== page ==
Commodifying all of higher education in such a cynical way is bound to have terrible consequences for funding allocations, etc. I mean I'm under no illusion that many already see it as such but if it's being introduced into law and shoved down people's throats...

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I think it's important for students to know that a Bachelor's degree (or even a PhD for that matter) isn't a magical ticket to the happy adult land of having a job etc. This could be effectively done in high school "Career Planning" courses (in my home province, "Career and Personal Planning" is a required course to graduate high school) as well as in university itself (my department hosted annual "careers in Physics" evenings where they told students what career options they could aim for and what is the average salary range etc.)

 

However, it sounds like while this proposed bill has good intentions, it's not going to actually work out and it will just be something the government can point to and say, "Look! We care about college students! Yay us!". Maybe I'm just cynical though! My reasoning for this is that generalizing statistics for an entire school isn't going to provide very useful information. Knowing that the average School X grad makes $40,000/year upon graduation isn't very helpful. Neither is knowing that 90% of School X grads get a job within a year. The student population is so diverse and there are so many different ways to get a job (or not get a job) that I really don't think most people will fall into the "average" bin. Think of it like a really hard test where a small number of people got 90% and everyone else scored 30%. The average might be something like 60% or 70%, but the truth is that most people did not even pass.

 

This is also similar to an article published last year (Wall Street Journal maybe?) where it listed % employment by major. It made news in the Astronomy community because Astronomy majors in college had a 0.0% unemployment rate. That sounds really awesome -- you're going to get a job for sure if you are an astro major! But that kind of statistic is too broad and ultimately useless -- they might have jobs in completely unrelated fields and the ones with jobs in astronomy likely went to grad school afterwards too. Not to mention other problems like the small number of astronomy majors surveyed. 

 

"More knowledge is hardly ever a bad thing" is only true if it's useful and accurate knowledge. More "information" can be harmful if it's incorrect or can be easily misunderstood by people.

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The student population is so diverse and there are so many different ways to get a job (or not get a job) that I really don't think most people will fall into the "average" bin.
 
But that is the definition of "average."  Statistically speaking, 68% of students will fall within one standard deviation of the mean.  So if the average salary is $40K, with a standard deviation of $10K, that means that 68% of graduates made between about $30,000 and $50,000 upon graduation.  95% made between $20,000 and $60,000 upon graduation.  If this information is consistent from year to year taking into account inflation, I think that's helpful information, especially when students are considering loan packages; maybe fewer of them would decide to borrow $100K+ when attending undergrad.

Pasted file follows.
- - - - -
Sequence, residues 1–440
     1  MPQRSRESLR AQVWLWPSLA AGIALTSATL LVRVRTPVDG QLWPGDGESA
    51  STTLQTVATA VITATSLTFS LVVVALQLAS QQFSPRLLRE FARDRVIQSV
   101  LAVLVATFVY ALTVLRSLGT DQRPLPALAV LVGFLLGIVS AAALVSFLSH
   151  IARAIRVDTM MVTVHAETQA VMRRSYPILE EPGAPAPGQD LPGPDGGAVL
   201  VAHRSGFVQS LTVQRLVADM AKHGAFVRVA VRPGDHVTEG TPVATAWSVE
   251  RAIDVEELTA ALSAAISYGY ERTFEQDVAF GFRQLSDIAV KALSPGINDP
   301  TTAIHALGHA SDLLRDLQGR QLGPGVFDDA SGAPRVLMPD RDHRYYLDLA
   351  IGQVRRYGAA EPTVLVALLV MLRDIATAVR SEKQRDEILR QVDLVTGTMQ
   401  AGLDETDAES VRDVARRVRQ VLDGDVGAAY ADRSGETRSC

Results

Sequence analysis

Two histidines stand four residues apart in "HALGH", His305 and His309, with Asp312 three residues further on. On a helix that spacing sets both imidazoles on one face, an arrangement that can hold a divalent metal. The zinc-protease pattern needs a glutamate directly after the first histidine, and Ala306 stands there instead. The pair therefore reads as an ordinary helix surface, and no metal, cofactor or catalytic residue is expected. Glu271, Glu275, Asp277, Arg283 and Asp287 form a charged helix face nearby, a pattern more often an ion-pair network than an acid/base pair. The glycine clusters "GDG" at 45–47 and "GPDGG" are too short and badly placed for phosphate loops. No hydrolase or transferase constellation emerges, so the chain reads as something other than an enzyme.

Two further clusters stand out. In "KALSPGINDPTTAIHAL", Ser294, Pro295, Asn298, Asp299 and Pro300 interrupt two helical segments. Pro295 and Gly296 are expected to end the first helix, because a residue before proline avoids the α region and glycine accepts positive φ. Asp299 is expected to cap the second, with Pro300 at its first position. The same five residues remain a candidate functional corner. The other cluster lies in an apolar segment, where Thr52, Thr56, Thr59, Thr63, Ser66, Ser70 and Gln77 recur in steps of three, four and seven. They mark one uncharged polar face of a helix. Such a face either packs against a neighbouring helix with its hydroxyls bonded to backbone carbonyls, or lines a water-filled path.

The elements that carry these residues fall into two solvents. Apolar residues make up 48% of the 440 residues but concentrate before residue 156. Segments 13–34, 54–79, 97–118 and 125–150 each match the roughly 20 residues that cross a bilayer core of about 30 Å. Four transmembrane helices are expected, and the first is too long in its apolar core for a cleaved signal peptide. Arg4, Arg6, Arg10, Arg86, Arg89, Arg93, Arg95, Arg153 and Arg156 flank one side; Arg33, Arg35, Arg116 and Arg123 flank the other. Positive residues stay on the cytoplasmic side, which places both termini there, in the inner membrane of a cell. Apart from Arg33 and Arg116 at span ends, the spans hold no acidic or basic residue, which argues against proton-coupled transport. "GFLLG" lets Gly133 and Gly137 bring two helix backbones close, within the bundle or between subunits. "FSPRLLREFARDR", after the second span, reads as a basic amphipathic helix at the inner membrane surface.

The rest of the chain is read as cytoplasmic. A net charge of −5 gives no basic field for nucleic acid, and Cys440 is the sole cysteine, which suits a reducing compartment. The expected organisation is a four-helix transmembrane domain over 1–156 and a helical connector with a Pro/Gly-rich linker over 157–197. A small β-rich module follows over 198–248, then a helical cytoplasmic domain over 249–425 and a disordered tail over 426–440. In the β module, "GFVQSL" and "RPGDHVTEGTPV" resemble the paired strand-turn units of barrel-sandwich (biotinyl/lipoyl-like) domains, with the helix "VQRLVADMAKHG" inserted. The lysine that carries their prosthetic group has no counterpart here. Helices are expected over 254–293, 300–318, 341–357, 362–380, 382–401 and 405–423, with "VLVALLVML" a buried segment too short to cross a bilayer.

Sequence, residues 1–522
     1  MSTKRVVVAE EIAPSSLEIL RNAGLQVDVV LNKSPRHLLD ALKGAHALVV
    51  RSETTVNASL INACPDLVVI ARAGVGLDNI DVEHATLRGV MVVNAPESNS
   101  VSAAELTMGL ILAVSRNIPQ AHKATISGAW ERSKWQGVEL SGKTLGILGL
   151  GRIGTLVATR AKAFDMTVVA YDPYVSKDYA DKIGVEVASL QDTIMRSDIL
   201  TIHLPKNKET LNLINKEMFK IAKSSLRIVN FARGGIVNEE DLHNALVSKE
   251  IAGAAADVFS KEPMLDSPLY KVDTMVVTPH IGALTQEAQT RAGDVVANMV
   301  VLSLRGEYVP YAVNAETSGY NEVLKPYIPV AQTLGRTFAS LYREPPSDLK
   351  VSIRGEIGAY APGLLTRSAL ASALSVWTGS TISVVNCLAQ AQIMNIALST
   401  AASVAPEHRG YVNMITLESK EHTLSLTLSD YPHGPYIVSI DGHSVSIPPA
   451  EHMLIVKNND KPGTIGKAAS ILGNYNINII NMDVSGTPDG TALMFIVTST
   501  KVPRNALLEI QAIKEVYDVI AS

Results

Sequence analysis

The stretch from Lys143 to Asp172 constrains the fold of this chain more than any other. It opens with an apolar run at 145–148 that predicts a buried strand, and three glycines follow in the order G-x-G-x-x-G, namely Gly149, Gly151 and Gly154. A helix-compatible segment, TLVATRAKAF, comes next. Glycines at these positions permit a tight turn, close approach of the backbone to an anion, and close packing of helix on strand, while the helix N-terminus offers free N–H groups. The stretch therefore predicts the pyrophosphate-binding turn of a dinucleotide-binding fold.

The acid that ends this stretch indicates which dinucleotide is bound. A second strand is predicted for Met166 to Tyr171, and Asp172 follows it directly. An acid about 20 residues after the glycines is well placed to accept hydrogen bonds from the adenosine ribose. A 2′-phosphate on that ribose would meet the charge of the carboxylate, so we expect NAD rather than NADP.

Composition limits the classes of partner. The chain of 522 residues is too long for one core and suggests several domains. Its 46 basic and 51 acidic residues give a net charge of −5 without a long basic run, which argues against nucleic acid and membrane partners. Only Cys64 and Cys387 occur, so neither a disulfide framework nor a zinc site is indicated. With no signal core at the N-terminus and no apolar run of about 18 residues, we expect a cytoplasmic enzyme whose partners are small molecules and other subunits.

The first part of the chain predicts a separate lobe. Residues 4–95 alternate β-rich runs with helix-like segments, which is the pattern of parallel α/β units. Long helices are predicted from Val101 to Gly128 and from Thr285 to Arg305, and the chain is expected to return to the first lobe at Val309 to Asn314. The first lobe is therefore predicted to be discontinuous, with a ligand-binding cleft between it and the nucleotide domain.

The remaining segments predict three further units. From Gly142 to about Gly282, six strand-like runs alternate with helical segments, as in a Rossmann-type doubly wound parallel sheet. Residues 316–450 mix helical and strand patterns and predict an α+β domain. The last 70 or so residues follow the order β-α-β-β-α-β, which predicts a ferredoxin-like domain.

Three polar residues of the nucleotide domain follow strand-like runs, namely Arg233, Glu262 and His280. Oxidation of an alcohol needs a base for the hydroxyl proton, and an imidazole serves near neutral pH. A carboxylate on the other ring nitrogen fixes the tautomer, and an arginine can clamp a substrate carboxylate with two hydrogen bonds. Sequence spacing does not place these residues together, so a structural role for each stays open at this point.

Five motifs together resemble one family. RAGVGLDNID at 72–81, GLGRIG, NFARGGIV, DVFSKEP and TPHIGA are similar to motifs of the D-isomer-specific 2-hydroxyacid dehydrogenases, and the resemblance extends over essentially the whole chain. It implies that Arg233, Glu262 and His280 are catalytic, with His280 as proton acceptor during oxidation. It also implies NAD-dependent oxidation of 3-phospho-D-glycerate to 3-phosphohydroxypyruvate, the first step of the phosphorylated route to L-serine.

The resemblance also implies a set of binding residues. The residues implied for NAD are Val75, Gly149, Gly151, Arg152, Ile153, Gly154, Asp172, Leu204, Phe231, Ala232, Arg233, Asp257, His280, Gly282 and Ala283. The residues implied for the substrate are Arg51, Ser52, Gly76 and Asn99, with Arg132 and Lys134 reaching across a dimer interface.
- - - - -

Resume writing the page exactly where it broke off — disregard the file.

Think of it like a really hard test where a small number of people got 90% and everyone else scored 30%. The average might be something like 60% or 70%, but the truth is that most people did not even pass.
 
Well, this is the problem with the arithmetic mean.  First of all, we can also present median salary data, which isn't skewed by high or low outliers.  Second of all, realistically speaking, it's unlikely that if you look at graduates within a certain range of graduating (salary of first job out of college, for example, or salaries only for those who graduated 3 or 5 years ago or less) that there will be enough outliers that will make such a high salary that they significantly skew the results.
 
This is also similar to an article published last year (Wall Street Journal maybe?) where it listed % employment by major. It made news in the Astronomy community because Astronomy majors in college had a 0.0% unemployment rate. That sounds really awesome -- you're going to get a job for sure if you are an astro major! But that kind of statistic is too broad and ultimately useless -- they might have jobs in completely unrelated fields and the ones with jobs in astronomy likely went to grad school afterwards too. Not to mention other problems like the small number of astronomy majors surveyed.
 
It's not completely useless, it's just that it's been presented without qualification and so it's less useful than it could be.